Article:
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TOPIC: What is your concession markup?

What is your concession markup? 02 Nov 2007 10:25 #27389

  • puzzlegut
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We are in the process of increasing our concession prices. We're wondering what percentage everybody uses to markup their popcorn and pop products.
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Re: What is your concession markup? 02 Nov 2007 14:00 #27390

  • Mike Spaeth
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We try to keep overall food cost between 13 and 15 per cent.
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Re: What is your concession markup? 02 Nov 2007 14:48 #27391

  • slapintheface
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NO clue my cost per serving on soda
i cgarge what i think the market will pay!
soda
small-3.50
med--3.95
lg 4.49
popcorn
small-3.75
med--4.50
lg--4.99
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Re: What is your concession markup? 16 Nov 2007 01:44 #27392

  • markegge
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There's probably no exact "formula" for how much you should mark up your soda and popcorn (well, no, there is ... set P where MR=MC ...). Going to your local Carmike or other major chain theater and checking out their prices is probably about the best "gage" of "what the market can hold".

My theater is subsidized by student tuition dollars, so we try to balance our mark-up between what people WOULD pay ... and still making students feel like they're getting a pretty good deal.

We sell 44oz, 84oz and 128oz bags of corn for $1, $2 and $2.50, respectively.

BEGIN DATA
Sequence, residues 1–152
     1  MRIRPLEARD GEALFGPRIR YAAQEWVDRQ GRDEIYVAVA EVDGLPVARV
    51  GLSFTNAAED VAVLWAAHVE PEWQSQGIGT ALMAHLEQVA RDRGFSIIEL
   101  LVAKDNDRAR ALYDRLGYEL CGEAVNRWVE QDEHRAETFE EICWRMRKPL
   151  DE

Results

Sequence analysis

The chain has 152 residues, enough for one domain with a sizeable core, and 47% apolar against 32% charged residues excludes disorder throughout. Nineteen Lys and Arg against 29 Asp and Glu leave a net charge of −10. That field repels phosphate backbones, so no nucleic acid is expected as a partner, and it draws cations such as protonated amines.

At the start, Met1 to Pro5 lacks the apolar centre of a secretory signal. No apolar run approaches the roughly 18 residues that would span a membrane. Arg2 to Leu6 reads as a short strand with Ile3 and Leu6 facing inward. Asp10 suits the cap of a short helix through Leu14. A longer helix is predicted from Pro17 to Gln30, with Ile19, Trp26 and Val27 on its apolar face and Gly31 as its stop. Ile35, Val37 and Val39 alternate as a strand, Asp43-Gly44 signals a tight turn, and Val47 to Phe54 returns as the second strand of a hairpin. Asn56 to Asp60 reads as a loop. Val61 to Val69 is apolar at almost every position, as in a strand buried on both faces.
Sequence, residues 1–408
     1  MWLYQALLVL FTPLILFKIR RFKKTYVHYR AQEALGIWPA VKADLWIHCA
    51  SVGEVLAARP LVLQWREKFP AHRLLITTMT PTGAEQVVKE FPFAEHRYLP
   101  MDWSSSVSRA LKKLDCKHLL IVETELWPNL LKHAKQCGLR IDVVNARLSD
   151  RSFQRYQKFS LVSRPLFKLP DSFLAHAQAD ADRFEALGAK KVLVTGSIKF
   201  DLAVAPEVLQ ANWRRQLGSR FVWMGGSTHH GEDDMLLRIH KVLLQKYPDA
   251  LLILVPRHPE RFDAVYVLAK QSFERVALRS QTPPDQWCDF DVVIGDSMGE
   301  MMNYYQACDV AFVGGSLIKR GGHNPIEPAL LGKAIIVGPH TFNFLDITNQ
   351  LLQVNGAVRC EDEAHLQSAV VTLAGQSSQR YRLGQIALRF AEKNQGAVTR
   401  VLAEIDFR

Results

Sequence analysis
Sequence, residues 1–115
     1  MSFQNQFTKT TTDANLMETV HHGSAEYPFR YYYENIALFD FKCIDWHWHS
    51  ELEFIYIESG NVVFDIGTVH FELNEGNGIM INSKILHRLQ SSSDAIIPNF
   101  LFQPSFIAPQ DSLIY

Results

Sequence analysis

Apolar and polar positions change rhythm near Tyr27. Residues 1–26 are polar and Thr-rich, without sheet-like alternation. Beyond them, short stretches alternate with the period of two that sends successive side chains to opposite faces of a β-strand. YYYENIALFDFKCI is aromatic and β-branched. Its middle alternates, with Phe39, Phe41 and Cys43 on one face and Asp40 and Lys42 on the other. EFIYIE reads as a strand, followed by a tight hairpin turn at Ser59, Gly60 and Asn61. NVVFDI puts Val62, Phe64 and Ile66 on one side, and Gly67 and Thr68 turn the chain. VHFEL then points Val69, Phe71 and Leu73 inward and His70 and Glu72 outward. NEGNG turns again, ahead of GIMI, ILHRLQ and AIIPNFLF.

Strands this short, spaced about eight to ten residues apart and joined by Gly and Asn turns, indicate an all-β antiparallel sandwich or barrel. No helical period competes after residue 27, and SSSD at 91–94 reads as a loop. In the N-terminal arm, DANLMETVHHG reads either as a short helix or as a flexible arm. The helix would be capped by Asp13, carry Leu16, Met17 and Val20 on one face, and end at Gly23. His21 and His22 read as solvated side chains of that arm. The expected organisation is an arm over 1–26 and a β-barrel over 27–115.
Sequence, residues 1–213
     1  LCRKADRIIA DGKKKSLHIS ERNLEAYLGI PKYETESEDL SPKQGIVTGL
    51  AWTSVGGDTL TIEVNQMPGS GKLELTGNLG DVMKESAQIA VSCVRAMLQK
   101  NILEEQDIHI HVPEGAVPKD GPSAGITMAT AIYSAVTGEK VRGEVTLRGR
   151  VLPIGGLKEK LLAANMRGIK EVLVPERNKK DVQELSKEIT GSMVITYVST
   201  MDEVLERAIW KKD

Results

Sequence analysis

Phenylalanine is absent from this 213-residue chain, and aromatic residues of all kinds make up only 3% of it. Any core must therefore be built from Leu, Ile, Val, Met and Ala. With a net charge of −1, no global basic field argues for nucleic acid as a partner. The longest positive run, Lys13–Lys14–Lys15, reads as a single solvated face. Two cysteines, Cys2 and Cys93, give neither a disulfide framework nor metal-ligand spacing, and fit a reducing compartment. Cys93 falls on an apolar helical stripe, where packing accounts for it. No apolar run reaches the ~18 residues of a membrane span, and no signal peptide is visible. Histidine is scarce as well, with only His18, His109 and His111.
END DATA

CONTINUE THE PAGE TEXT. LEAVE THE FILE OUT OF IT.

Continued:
We sell 16oz, 24oz and 32oz sodas for $1.50, $2.00 and $2.50, respectively.

In both cases, for accounting purposes, which consider the costs of inputs to be negligible. But for the sake of curiosity..

Assuming a 30x expansion ratio (where 16oz (weight) of kernels yield 480oz of popped corn (volume)) ... and an average price of $0.0213 per oz of kernels ... and charge an average of $0.0655 per oz of popped corn, we charge ~307% markup on our popcorn.

Assuming we charge an average of $0.0833 per oz for soda... and it costs us $0.0117 per liquid oz ... that's a 710% markup ratio.

I'm aware that we could make more money selling larger sizes ... but I refuse to have MY theater contribute to America's obesity. =)
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Re: What is your concession markup? 16 Nov 2007 09:52 #27393

  • lionheart
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Welcome to the forums, Mark. Thanks for the great breakdown on cost of goods sold and markup.

I disagree with you on your comment about not selling larger sizes because you don't want to contribute to obesity. (There may be other reasons I wouldn't sell larger sizes, but the customers' dietary requirements won't be one of them.) Of course, large servings are possibly above any recommended allowance of sugar or fat for a serving or maybe even for an entire day (I don't know the exact figures). However, I tend to think that an evening out at the movies is a luxury in the first place. If a person wishes to splurge and get the supersize everything, I would be happy to take their money.

Since the average American attends movies about 5 times a year, I don't see how splurging on those rare occassions is really going to hurt them much. It is up to the individual to ensure their dietary intake is correct over the long term.